Post-judgment discovery began, the goal of which was enforcement of the final judgment. Cukurova steadfastly refused to participate in discovery, insisting that the Court lacked personal jurisdiction and that its Opinion and Order would be reversed on appeal, while refusing to post a bond such that enforcement proceedings could be stayed pending appeal. On March 11, 2013, after repeated failures to comply with court-ordered discovery, the Court held Cukurova in contempt, and imposed rapidly escalating fines. Cukurova has to date taken no steps to cure its ongoing contempt, indicating that while it is willing to engage in discovery to revisit the question of personal jurisdiction, it will not participate in discovery regarding enforcement of the final judgment.

On April 9, Sonera brought an order to show cause, seeking an ex parte temporary restraining order, a preliminary injunction, a turnover order, and increased contempt fines. The Part I Judge entered the Temporary Restraining Order, and briefing began on Sonera's other requests. One of the principal goals of Sonera's proposal was to enjoin the "redemption transaction," which is the result of years of litigation in the British Virgin Islands ("BVI") and the Privy Council between Cukurova and Alfa Telecom Turkey Limited ("Alfa") over the same shares in Turkcell that were at issue in the Swiss arbitral award underlying this litigation. The Privy Council decided in late January 2013 that Cukurova would be given a chance to redeem the Turkcell shares from Alfa within a certain window of time and for a sum of money to be determined in a subsequent decision expected imminently. Recognizing that the redemption transaction was a crucial and fleeting opportunity for Cukurova, Sonera sought to have it enjoined in the hopes that doing so would induce Cukurova to pay its debt to Sonera.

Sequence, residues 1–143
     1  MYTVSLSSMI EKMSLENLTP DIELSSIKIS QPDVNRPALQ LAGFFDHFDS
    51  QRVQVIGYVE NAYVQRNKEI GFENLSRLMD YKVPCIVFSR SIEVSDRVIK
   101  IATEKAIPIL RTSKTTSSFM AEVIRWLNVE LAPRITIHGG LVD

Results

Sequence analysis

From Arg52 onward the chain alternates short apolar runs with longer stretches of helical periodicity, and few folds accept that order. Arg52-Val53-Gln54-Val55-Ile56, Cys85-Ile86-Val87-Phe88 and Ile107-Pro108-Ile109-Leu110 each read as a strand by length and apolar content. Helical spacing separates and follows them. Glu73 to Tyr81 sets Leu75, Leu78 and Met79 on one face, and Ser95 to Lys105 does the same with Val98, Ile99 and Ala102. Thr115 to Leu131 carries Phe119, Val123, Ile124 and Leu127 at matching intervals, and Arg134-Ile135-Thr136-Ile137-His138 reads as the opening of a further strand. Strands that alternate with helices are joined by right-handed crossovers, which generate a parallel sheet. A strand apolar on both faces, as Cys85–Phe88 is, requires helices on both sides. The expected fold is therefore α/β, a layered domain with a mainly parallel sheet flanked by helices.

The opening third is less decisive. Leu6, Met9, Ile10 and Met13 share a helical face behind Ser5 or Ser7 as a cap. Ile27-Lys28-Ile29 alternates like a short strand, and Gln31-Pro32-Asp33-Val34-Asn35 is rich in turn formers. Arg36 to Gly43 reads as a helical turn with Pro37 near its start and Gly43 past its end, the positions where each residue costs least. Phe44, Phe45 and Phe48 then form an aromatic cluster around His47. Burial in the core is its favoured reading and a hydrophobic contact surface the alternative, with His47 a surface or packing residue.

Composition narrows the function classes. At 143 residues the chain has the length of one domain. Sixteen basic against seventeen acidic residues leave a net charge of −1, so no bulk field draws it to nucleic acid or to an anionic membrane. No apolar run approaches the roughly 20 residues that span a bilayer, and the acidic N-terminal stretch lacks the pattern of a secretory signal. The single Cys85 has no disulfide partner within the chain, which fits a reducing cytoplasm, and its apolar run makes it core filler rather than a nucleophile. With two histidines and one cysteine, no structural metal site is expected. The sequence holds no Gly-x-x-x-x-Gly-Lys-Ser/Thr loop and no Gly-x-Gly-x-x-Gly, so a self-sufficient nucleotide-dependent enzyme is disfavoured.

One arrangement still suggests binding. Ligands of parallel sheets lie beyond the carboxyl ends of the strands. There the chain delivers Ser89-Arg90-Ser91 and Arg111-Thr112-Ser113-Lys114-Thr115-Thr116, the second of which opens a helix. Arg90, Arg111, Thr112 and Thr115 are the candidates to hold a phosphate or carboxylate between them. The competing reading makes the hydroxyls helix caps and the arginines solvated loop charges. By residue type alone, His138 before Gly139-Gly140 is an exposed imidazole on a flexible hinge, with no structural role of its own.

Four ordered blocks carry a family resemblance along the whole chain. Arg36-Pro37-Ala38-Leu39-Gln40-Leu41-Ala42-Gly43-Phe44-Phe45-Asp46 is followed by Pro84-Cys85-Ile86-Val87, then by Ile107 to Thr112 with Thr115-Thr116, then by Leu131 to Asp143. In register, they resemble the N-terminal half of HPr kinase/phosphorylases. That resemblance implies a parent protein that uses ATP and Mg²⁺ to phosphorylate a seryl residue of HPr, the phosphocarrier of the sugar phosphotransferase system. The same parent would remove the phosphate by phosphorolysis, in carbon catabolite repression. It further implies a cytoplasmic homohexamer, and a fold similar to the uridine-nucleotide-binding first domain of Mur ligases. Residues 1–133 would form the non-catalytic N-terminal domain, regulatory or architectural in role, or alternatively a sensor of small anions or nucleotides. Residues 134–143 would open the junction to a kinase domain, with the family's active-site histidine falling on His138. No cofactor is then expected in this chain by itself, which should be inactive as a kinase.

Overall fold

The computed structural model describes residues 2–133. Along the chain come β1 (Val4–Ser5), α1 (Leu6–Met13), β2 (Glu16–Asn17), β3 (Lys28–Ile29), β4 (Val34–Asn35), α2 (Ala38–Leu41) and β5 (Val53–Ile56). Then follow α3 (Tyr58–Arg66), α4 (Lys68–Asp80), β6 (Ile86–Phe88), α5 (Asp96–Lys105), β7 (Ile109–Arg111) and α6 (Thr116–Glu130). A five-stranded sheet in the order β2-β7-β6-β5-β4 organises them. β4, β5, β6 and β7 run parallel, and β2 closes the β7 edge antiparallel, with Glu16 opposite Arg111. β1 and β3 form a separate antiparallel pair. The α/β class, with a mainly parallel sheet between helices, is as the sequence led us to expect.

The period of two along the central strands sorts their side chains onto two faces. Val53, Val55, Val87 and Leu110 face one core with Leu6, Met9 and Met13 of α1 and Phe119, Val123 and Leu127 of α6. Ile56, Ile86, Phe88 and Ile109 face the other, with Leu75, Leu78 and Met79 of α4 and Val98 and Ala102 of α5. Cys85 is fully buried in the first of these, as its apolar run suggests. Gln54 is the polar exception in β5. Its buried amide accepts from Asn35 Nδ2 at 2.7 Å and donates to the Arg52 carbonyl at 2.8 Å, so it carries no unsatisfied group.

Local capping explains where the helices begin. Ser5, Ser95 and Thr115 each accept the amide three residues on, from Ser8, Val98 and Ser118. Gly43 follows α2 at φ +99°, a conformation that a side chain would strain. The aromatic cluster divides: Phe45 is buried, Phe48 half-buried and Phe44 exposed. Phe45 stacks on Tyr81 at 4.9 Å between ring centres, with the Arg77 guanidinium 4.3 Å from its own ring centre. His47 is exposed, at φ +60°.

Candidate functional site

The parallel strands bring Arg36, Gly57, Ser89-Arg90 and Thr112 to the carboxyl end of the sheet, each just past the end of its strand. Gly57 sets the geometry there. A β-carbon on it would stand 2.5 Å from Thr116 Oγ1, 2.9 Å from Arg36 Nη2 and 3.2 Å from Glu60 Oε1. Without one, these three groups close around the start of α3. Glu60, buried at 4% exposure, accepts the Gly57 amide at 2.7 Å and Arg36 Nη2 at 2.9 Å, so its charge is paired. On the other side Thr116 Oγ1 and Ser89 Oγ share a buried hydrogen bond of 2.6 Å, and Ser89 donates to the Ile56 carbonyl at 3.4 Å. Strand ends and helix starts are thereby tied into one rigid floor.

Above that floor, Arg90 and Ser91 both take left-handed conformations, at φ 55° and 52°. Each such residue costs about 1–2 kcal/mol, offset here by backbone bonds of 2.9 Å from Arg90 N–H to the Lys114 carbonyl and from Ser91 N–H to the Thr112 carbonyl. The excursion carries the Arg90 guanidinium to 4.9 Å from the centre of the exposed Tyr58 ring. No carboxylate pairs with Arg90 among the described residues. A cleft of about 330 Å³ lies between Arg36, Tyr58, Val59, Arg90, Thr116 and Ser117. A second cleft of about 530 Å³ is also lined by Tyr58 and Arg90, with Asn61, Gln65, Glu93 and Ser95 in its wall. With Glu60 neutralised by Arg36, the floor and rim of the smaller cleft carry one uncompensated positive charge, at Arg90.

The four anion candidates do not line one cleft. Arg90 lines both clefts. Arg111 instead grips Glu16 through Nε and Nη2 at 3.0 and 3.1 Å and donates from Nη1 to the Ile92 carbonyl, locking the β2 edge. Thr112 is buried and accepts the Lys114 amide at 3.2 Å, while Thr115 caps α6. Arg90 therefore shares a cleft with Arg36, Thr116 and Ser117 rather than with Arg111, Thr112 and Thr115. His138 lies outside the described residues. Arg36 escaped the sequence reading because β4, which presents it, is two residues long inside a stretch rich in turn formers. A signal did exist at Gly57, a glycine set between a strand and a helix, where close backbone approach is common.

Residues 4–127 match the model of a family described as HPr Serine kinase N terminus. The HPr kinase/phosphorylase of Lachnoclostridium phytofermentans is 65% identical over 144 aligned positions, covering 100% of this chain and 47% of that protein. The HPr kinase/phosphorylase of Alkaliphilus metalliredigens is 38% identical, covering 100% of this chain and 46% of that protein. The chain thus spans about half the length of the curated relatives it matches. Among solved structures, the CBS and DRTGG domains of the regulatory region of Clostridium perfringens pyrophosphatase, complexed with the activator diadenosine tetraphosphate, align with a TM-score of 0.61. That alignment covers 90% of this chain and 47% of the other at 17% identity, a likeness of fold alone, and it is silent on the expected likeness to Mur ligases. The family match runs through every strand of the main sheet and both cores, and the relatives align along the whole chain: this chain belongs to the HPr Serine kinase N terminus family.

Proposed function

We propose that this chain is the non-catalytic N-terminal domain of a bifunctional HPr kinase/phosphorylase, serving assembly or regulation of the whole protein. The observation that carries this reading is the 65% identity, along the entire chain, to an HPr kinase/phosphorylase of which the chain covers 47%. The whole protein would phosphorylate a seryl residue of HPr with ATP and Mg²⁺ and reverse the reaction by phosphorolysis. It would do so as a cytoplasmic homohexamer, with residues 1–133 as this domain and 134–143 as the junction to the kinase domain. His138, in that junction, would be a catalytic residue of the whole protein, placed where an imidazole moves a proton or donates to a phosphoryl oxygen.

On April 16, after full briefing, the Court held a conference to address Sonera's requests. At the conference, the Court heard argument about the terms of the proposed preliminary injunction after Cukurova indicated that it could not agree to participate in discovery on any of the factual issues relevant to the entry of the injunction and had no evidence to offer at a preliminary injunction hearing. The preliminary injunction was entered on April 18. The Court has set an expedited schedule for a hearing on entry of a final injunction, although Cukurova has reiterated that it will not participate in discovery relevant to that proceeding.